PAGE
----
"How are you today?" It's a question we ask on a daily basis without giving the answer a second thought. "Not bad," we reply. Or "could be better". But what does "better" mean exactly? And what's the key to achieving it?
As a health and wellbeing charity, it's something we wanted to get to the bottom of. So we carried out a major research study across the UK, the results of which we released this week. It explored the current state of the UK's wellbeing, and examined the factors that influence it. We called the report 'Eudaimonia: How do humans flourish?' because the Greek word Eudaimonia is commonly translated as 'happiness', 'welfare' or more accurately 'human flourishing'.
Our three-month long research project saw us question a nationally representative sample of 1,000 UK adults. We conducted an audit across all aspects of their lives to identify what factors improved their wellbeing or acted as a barrier.
The average Brit scored a mediocre 6.13 on an index of 10 for their overall wellbeing. This comes just months after the UK was found to be failing its citizens by a Boston Consulting Group report which revealed that despite our rising GDP, a disparity is occurring between our growing economy and the wellbeing of the population.
Perhaps unsurprisingly, financial concerns topped the list of stresses for respondents in our research. Being happy with your finances causes a 19% uplift in average wellbeing scores, while being extremely worried about money causes a 33% fall. That means there's a 52% divide in scores between the most and least financially confident people in society.
These findings are important as they challenge the 'poor but happy' fallacy - the myth that it's easier to be happy when earning less as you're spared the stress of society's high earners. Equally it debunks the myth of the lonely millionaire who feels isolated from the rest of society by his or her wealth.
Unfortunately, as austerity continues to hit hard, this isn't an issue that looks set to improve. In fact, Britain's financial inequality gap is said to be widening. Research by Oxfam this year revealed that the richest 1% of the UK population owns more than 20 times the wealth of the poorest fifth. In addition, a 2015 study by the London School of Economics found that young people in their 20s were 18% worse off than 20 year olds were just five years ago, indicating the speed of change. Sadly, the growing financial inequality in today's society is enormously corrosive to the wellbeing of those affected.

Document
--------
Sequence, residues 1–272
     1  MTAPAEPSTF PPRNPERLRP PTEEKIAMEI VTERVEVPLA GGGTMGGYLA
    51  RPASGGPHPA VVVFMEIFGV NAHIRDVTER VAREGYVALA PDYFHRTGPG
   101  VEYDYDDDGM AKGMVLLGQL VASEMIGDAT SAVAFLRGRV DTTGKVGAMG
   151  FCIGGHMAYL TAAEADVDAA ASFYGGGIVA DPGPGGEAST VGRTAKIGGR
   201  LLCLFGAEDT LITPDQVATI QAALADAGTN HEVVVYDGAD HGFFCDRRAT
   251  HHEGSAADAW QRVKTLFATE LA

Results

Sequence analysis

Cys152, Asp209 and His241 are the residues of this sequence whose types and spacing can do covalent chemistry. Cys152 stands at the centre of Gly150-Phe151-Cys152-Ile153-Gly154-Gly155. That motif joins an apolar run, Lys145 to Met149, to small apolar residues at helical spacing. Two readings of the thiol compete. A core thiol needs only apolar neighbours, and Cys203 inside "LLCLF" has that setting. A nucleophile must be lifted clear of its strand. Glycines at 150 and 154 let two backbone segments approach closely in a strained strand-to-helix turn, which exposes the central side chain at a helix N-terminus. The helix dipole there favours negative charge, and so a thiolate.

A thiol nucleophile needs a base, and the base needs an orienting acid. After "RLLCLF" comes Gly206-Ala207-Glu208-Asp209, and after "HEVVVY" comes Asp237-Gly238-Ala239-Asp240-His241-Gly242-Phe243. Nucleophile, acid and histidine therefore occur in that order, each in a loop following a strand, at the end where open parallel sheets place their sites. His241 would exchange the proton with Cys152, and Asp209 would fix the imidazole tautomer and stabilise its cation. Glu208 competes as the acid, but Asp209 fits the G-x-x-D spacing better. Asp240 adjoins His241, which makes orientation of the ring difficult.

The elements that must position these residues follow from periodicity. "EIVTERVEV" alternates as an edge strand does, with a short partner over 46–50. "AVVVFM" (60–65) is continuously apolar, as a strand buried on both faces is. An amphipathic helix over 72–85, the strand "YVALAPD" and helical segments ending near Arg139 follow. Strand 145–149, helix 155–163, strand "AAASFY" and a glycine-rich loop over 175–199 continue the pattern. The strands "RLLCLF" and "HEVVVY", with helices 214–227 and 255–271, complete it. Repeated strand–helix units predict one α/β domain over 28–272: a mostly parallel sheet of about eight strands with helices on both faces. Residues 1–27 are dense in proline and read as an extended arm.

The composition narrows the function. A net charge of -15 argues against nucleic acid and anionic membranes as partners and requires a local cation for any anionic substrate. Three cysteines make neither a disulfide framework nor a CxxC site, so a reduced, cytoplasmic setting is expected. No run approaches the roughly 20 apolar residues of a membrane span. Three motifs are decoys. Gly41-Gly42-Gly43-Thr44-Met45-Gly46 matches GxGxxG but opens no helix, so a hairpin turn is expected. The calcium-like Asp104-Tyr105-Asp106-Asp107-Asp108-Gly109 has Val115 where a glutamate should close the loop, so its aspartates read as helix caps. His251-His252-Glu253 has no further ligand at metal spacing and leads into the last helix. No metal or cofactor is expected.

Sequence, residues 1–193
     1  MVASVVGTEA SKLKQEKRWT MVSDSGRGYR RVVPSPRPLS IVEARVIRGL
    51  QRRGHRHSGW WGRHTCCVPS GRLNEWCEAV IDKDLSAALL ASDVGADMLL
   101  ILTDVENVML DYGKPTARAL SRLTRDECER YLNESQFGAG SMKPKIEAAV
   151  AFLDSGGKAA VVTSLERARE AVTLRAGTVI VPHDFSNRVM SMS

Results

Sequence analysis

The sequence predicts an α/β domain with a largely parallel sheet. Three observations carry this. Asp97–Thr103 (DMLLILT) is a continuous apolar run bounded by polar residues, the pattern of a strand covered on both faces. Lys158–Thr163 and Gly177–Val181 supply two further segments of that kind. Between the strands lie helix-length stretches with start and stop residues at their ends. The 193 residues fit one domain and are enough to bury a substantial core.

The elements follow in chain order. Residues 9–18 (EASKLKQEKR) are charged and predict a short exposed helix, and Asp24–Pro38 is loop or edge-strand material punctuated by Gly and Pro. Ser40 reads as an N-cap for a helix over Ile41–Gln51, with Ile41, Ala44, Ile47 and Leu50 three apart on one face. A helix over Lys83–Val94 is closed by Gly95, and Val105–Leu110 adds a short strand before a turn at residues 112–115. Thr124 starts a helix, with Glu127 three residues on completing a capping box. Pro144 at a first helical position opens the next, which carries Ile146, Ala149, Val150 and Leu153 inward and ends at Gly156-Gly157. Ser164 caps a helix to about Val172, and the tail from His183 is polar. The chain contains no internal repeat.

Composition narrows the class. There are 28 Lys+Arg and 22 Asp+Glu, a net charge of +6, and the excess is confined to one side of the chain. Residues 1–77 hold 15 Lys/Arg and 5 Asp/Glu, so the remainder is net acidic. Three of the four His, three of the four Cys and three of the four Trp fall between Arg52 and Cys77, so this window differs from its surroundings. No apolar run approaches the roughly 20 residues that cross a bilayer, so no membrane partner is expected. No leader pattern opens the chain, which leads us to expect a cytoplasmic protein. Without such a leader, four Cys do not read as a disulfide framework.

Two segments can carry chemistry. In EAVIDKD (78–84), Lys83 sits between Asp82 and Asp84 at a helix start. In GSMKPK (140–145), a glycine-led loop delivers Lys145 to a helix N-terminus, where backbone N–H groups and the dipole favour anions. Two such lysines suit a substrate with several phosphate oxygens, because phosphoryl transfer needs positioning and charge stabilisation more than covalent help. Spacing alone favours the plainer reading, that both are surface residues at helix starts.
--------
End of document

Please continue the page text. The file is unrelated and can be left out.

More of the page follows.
And it's not only financial woes that are affecting our nation's ability to live well. Our research also unveiled that lacking good relationships, positive educational experiences, and mental stimulation - such as learning a new skill - are other major factors that influence feelings of wellbeing.
So what actions can we put in place to start living better and achieving Eudaimonia?
Our research found that individuals feel wellbeing at its highest when we are on holiday or socialising with family and friends. This clearly demonstrates how crucial it is to take time out for ourselves and create a healthy work-life balance. Despite this, recent studies show that the average British worker puts in the equivalent of 38 working days over and above their contracted hours each year.
There's obviously much work to be done and it's now vital that we recognise the importance of achieving a healthy balance in our lives: allowing time from work for ourselves, engaging in both physical activity and mental stimulation, and surrounding ourselves with more positive relationships. These all have a significant impact on our feelings of wellbeing.
What are we doing about it?
At Central YMCA we've decided to take a radical, grassroots approach. We want to rip up the rule book, look past assumptions and ultimately come up with real, practical solutions that help people flourish. The goal is to kickstart a wellbeing revolution.
We're launching a wellbeing incubator at our Central London gym, YMCA Club, to try out and nurture new ideas. We're also looking to help people to work on their minds as much as their bodies. There are plans to launch new training programmes and qualifications that tap into wellbeing and the mind, such as introducing classes that improve mental stimulation.
But we can't drive forward this movement alone - we need the help of employers, other charities, and society as a whole. So, we invite you all to become part of this movement with us, and help us on our way to achieving nationwide Eudaimonia.
Please visit http://www.ymca.co.uk/eudaimonia-report to join us on our journey.
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